Washington, D.C. — Today, Animal Wellness Action (AWA), and the Animal Wellness Foundation (AWF) called on the U.S. Senate to take up the Horse Transportation Safety Act, H.R. 1400, and for the U.S. Department of Agriculture to step up its existing regulatory enforcement program after yesterday’s news that 14 horses met a violent and tragic end on a Missouri freeway. The House passed H.R. 1400, championed by U.S. Rep. Steve Cohen, D-Tenn., in July. AWA and AWF also called on Congress in the new year to pass comprehensive anti-horse slaughter legislation that forbid live exports of horses for slaughter for human consumption. Though the destination of the transported horses has not been publicly revealed, it’s a safe bet that the horses — 29 in all were being kept together in a large livestock trailer — were bound for slaughter in Canada or Mexico, where their meat would be sold for human consumption, primarily in Europe.
“The United States is still allowing the live trafficking of healthy American horses to slaughter plants in Canada and Mexico, and most Americans have no idea about the unending misery all of this causes,” said Scott Beckstead, director of campaigns at Animal Wellness Action. “As the Missouri accident reveals, American horses will continue to be at risk for a horrible end, either on the road or in a foreign abattoir, until Congress acts on overwhelming public will to shut down this predatory industry.”
For years the USDA has kept rules on the books designed to provide horses destined for slaughter with a modest level of protection. Because of their fractious dispositions, long legs and necks, and pronounced fight-or-flight responses, horses cannot be safely transported in the same way as farm animals like cattle and pigs. The agency’s rules – promulgated as the Commercial Transportation of Equines for Slaughter Act — forbid transporting horses in double-decker trailers designed for cattle, require that horses be ambulatory, not heavily pregnant, and be separated by size and sex. The rules also require periodic stops for rest, food, and water.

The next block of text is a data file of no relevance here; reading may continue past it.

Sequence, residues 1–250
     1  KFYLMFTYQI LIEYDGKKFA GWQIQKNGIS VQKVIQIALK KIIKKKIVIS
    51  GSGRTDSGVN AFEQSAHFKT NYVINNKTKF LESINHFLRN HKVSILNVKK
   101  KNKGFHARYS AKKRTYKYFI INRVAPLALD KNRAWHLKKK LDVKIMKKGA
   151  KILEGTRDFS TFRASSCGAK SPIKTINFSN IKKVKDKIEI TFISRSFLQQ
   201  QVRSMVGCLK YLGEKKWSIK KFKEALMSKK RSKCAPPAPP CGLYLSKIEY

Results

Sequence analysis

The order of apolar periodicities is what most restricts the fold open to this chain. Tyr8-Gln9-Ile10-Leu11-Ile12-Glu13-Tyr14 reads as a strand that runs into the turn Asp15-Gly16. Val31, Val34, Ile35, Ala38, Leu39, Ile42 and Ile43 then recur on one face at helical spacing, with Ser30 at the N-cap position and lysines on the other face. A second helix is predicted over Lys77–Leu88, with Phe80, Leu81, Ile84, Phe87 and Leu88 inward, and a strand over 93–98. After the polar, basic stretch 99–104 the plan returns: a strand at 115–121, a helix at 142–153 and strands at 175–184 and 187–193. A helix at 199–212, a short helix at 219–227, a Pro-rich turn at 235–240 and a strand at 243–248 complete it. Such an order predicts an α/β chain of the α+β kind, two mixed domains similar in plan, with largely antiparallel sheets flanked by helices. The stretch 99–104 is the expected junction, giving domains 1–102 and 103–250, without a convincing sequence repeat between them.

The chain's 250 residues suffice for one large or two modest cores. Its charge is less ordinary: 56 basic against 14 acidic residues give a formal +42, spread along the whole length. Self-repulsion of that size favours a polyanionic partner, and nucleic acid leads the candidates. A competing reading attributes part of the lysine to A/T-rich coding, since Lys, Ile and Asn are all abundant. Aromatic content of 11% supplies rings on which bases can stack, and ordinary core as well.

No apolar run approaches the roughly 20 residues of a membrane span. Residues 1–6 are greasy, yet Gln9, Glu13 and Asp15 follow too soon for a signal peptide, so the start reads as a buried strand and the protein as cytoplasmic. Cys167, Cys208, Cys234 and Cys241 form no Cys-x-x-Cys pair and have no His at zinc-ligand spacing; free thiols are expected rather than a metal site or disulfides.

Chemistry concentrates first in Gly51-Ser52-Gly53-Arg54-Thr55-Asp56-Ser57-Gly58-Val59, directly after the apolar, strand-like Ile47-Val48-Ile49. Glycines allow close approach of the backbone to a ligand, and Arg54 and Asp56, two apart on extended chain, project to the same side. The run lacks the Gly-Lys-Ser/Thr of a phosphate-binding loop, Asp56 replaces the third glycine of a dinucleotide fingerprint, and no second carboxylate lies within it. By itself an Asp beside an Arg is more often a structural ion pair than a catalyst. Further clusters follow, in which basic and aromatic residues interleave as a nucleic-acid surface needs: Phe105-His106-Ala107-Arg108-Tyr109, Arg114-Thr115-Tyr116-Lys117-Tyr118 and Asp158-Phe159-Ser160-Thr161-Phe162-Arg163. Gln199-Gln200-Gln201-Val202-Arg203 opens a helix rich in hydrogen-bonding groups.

While we may never know all the details that led to the crash in Missouri, we have to ask whether the USDA inspected this shipment of horses, and whether a rigorous inspection and enforcement of CTESA rules might have prevented it.
U.S. Representative Peter DeFazio (D-OR), chairman of the House Committee on Transportation and Infrastructure, said the crash underscores the need for greater USDA oversight. “This terrible crash reveals how unsafe it is to transport large numbers of slaughter-bound horses on roads and freeways in open livestock trailers,” said DeFazio. “Thankfully no other motorists were involved, but this accident could have resulted in an even greater loss of human and animal life. We need better oversight and a national ban on ground shipments of horses for slaughter to Canada and Mexico.”
More broadly, the tragedy highlights the need to finally enact a federal ban on equine slaughter for human consumption. Kill buyers and those involved in the transport of horses to slaughter are notorious scofflaws with little to no regard for animal welfare; they are known to lie, steal, and skirt the rules to fill their orders from foreign meat companies. They are known for outbidding rescues and concerned individuals wishing to rescue auction horses at risk and extorting those other bidders after the sale with threats of sending the animals to slaughter if they don’t pay an even higher price, thus ensuring a larger profit for both themselves and the auction owners.